Gordon Strachan: We can still qualify for World Cup finals

Gordon Strachan has urged the '¨Tartan Army to believe like he does in Scotland's ability to reach the World Cup finals.

Scotland manager Gordon Strachan at full-time.

The manager was still recovering yesterday after Saturday’s 2-2 draw with England. Strachan suffered along with the home fans as the visitors snatched a late draw following two inspirational free-kicks from Leigh Griffiths, pictured.

In a matter of minutes Scotland’s World Cup hopes were revived and then seemingly nixed by Harry Kane’s equaliser in time added on. But Strachan, whose position would have been in serious doubt had Scotland lost, remains confident his team can still progress.

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“I wouldn’t be here if I didn’t,” said Strachan when asked if he truly feels Scotland can still earn a play-off spot. “If I didn’t believe it I think it would rub off on the players. The players can sniff that.”

While he stressed his determination to carry on, Strachan admitted the roller-coaster experience of leading Scotland can take a toll.

Scotland’s campaign was re-ignited by a late winner from Chris Martin against Slovenia in March but now seems almost 
moribund after Kane’s intervention.

Scotland have four Group F fixtures left and will most probably need to take maximum points to secure second place, which even then might not be enough to qualify for the play-offs.

Strachan has every intention of being around for Scotland’s next qualifier, away to Lithuania in September. Mark McGhee, Strachan’s assistant, had described Saturday’s clash v England as “must win” while Strachan was more circumspect, describing it as “must not lose”. But there’s little doubt three points are required from the trip to Lithuania.

“Listen, we will go for the next one,” he said. “I am sure Mr McGhee will say it’s a must-win game! I will leave that quote to him.” But Strachan stressed anything is possible with a group of players who gave him what they did on a humid, exacting evening at Hampden on Saturday. “Somebody asked me: ‘Would you go back to full-time management?’” he remarked. “I said: ‘Yeah, with that group I would.’”

The stresses and strains of leading Scotland are perhaps enough for a 60-year-old to cope with, however. “I have got a way of dealing with it,” said Strachan. “What makes me strong is those players and everybody I have met this week. People come up to you and say ‘keep it up, keep it going’. That energises you.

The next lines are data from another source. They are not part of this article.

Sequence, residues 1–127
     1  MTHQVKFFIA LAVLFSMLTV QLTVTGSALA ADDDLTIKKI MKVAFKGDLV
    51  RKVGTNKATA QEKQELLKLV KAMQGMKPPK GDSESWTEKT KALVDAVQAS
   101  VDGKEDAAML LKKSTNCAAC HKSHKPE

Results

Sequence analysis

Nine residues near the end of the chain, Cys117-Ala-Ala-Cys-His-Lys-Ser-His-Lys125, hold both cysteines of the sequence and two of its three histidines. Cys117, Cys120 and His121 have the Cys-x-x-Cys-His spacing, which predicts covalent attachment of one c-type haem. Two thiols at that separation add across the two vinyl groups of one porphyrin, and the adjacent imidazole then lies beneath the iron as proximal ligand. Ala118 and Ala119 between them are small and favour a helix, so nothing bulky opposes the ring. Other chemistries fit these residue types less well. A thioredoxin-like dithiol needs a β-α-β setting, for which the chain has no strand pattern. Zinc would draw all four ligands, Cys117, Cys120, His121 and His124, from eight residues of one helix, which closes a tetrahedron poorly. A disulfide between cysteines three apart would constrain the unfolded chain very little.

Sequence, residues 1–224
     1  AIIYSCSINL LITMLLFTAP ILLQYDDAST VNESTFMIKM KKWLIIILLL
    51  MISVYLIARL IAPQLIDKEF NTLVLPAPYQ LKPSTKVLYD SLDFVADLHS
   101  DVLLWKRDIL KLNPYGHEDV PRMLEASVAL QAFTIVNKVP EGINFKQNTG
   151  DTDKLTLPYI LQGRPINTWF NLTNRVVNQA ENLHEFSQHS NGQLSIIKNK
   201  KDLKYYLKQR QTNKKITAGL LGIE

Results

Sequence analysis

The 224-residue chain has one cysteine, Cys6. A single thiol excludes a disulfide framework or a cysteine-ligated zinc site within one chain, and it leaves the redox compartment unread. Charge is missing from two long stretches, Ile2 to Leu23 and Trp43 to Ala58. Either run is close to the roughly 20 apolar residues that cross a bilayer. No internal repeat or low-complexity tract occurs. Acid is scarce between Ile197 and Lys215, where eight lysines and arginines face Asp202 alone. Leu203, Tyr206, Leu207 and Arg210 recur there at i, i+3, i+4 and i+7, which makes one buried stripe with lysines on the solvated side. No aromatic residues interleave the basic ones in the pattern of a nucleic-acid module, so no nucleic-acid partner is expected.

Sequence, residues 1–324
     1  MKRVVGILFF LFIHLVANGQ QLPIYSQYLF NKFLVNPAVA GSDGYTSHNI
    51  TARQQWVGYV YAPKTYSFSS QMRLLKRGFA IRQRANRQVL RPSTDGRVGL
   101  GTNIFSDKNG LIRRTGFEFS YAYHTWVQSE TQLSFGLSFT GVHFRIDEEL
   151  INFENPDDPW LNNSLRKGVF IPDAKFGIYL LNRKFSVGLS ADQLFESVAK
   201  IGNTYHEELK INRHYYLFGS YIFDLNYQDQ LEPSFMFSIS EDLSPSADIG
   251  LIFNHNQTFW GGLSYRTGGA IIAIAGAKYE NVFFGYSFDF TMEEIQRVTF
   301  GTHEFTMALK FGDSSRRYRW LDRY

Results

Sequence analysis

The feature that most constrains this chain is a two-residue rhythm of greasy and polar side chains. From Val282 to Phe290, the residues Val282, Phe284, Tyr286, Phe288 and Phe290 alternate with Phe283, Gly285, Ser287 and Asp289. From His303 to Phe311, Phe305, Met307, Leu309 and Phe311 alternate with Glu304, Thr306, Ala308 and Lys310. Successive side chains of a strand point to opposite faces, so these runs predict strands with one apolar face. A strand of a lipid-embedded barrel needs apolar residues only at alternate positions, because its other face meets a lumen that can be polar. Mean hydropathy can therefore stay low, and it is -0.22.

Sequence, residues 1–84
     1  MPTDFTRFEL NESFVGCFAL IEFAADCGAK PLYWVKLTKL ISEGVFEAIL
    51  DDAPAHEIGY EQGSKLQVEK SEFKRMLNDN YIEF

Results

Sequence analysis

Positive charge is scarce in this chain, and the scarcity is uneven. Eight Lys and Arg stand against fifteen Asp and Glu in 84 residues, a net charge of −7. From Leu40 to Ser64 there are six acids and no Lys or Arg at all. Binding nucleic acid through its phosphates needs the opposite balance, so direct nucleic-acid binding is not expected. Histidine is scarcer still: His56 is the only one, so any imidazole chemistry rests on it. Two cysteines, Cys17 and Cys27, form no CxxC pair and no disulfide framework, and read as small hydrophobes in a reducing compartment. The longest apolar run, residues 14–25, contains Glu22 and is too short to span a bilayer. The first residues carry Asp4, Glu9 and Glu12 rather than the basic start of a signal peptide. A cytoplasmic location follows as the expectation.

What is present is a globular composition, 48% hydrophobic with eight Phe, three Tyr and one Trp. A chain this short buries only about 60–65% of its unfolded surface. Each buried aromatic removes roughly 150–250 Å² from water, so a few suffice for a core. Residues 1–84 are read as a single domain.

“You all know that I do keep a barrier between myself and the media. It is nothing against you guys. I can get on and do my job. Then it doesn’t affect me. If it affected me then it would affect the players. I actually get excited when it’s time to get together with them. I just love working with them. We have faults, we all know there are faults, but that’s not their fault, that’s the Scottish game.”

“Listen, we have to improve [as a nation],” he added. “But that’s a different story. We could sit here all night and talk about things that we have to make us better as a group. But those Celtic lads, they helped us to get a result today, there’s no doubt about it. In general, we still have to improve a lot as a whole, Scottish players.

“What you can’t say, though, is can you improve on your work-rate. Unless you stand out there in that tunnel with these guys and then get knocked down you don’t know what it’s like. It’s like in rugby when you come up against a pack and that pack keeps knocking you back. It drains you. That’s what happened with these guys. It drains you. But they kept finding an energy from somewhere.”

Strachan described the contest against England’s physically superior players as like “a heavyweight taking on a middleweight” in boxing. But he cherished the moment when Griffiths gave Scotland the lead in the 90th minute.

“We had a moment in the day that a lot of us in football won’t forget,” he said. “We will remember the noise after the second goal forever. It could have been the best ever.

“When you leave the game if you can leave memorable moments then you have given something to the game.

“Look at what we played against [on Saturday]. Take their centre-backs compared to ours. One [Berra] has just signed for Hearts. No disrespect to Hearts, but they’re fifth in the Premiership. One [Mulgrew] is in League One in England, not even the Championship. ’Kech [Anya] isn’t getting a game anywhere. To dig out something like that is great.”